The only remaining touching point for Smith-Schuster — where does his environment go beyond the 2021 season?

Signing only a one-year deal and apparently turning down a chance to play with the Chiefs this offseason, Smith-Schuster will be an unrestricted free agent again next offseason. We also do not know if this is it for Big Ben, even if he does stay in Pittsburgh long-term. The past two seasons attached to average and bottom-rung quarterback play have done Smith-Schuster no favors, but he can also definitely recoup value in the upcoming season for his next opportunity in free agency.

Bringing this home, in dynasty, every player has potential to be both a buy and sell at the same time. You just have to find the proper context in your league in which he is valued per manager.

I see his current Dynasty pricing more than fair, and I am slightly higher than the field at WR22. I believe last season was a bottom out on his output per target, the volume still exists, and there is value in his floor paired with where he is on the age spectrum, even if his early-career stat lines misled gamers that he was an alpha fantasy producer and he fails to tap into that ceiling again. 

Smith-Schuster is a proven touchdown scorer, scoring at least seven times in three of his first four seasons, which can give him an extra out in down games that are not anchored by the volume he may need over the long haul. That said, I do not believe that Smith-Schuster also raises his future Dynasty ADP a great deal and will settle in the WR20-WR30 range for this apex stretch of his career over the next few seasons.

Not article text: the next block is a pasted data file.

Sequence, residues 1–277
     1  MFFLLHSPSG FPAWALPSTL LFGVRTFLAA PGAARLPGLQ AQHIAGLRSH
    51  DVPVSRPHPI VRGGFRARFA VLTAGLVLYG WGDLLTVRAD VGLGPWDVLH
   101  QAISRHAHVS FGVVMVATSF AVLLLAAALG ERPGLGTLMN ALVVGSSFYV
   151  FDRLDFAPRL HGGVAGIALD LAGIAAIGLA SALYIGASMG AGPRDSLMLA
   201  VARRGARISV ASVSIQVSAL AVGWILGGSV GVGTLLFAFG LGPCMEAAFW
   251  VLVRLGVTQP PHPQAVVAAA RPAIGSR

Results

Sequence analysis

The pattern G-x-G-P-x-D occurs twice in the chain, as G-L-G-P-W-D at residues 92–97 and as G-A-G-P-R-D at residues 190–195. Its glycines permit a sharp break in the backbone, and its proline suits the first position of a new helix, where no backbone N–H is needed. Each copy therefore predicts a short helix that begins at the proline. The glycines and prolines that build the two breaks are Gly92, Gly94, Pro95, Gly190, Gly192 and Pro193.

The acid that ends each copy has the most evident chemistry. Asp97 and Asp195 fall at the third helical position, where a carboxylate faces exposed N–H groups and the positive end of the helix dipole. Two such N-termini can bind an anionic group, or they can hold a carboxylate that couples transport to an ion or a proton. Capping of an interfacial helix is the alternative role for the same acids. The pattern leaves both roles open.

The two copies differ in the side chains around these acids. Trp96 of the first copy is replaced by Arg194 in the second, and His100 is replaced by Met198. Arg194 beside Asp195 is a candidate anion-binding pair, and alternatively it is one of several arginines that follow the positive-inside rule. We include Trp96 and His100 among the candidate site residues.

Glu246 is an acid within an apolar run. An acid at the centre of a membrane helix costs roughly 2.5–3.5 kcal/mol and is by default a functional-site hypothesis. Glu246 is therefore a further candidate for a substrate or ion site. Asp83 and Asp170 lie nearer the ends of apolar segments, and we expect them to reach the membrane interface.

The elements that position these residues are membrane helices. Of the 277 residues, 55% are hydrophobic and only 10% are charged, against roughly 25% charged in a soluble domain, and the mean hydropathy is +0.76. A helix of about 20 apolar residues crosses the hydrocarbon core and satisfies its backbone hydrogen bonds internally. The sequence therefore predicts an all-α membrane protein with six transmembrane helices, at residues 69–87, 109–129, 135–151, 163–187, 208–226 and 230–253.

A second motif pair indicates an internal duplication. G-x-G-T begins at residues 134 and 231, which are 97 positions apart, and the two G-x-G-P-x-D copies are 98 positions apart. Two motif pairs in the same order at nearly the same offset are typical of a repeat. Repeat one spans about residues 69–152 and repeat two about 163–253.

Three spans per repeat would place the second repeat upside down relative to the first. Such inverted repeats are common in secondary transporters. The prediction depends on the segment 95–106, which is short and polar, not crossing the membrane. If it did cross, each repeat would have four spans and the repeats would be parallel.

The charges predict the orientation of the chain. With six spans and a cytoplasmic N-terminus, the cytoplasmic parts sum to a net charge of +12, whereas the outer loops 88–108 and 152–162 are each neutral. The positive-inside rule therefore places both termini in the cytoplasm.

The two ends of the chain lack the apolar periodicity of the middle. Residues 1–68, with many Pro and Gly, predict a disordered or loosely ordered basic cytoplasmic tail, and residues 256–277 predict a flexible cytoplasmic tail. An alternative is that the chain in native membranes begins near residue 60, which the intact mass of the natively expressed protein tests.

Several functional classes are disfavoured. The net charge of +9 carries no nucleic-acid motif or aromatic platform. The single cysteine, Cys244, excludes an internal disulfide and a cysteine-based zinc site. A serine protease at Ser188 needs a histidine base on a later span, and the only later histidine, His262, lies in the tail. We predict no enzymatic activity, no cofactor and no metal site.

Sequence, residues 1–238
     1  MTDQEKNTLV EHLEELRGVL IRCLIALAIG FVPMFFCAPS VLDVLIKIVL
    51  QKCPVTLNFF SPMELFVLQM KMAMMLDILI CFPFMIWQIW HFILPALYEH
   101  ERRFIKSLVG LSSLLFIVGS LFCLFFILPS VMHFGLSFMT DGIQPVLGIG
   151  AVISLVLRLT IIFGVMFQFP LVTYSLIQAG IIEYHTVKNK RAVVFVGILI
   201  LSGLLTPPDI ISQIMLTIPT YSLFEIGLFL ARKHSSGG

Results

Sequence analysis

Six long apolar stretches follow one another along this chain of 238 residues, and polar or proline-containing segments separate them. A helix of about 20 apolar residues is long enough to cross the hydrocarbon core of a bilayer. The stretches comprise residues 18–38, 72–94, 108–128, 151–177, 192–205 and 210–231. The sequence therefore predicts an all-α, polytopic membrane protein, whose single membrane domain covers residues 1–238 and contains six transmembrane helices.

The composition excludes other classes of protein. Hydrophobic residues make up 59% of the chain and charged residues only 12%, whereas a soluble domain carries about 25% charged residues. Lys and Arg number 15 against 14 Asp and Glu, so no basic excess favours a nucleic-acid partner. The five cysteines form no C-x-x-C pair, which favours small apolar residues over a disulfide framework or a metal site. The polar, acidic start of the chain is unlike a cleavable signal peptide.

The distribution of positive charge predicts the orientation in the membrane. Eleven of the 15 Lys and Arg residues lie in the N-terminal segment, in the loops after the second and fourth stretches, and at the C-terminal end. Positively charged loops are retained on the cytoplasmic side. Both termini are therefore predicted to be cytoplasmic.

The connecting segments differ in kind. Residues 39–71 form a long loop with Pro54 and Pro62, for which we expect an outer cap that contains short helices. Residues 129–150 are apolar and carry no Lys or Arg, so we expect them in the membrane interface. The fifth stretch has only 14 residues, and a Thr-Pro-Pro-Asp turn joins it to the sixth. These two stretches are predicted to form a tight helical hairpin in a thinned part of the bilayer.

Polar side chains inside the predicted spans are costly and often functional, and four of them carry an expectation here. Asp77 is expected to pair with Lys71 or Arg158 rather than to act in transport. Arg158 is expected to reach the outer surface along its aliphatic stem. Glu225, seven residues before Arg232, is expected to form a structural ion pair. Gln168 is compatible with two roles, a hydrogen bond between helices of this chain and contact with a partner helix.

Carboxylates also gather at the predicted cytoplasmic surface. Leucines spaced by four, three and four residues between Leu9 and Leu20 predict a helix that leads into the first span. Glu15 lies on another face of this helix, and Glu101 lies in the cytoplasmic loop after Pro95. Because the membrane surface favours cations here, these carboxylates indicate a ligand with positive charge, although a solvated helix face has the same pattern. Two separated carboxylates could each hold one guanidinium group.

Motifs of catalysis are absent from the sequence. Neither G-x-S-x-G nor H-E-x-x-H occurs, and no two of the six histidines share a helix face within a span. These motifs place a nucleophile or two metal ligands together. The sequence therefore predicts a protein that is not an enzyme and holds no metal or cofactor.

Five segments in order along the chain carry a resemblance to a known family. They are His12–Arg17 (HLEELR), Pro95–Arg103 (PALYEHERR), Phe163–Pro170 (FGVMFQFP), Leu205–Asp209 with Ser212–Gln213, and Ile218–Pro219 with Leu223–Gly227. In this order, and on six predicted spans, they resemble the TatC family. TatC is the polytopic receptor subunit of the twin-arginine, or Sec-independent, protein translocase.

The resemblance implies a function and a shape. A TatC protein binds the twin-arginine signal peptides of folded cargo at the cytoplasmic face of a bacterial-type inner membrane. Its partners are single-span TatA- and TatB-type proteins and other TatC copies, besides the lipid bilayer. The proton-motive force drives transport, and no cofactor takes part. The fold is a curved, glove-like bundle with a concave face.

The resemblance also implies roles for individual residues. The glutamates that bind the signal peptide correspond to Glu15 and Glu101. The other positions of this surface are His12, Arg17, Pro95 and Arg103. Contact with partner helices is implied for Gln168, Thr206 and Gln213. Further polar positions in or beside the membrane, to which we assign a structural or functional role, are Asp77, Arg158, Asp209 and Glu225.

If I can buy near current market value, I want to pursue that. I would absolutely move someone such as David Montgomery or Chris Carson for him if I could or even buy years back with someone such as Keenan Allen, who is valued about a round higher at this time in startups. 

But if another team in my league still sees the potential for an alpha WR1 or I can get another wideout that I view as having a better path to potentially being a fantasy WR1, then I want to move him. Someone such as Jerry Jeudy or his other teammate, Chase Claypool.

Startup ADP and cost is not going to be an exact market for you with team context a driving force in established leagues, but here are the buy and sell point suggestions using that as a guideline pending which side you fall on. On nearly all of these I would prefer the Smith-Schuster side easily outside of the tight ends and Claypool, with a conversation to be had on either rookie.

Equal 2020 Rookie Pick Value: Mid-to-late First (1.07-1.09)
Equal RB Value Targets: David Montgomery, Chris Carson, Kareem Hunt
Equal WR Value Targets: Courtland Sutton, Chase Claypool, DeVonta Smith, Jaylen Waddle, D.J. Chark
Equal TE Value Targets: T.J. Hockenson, Mark Andrews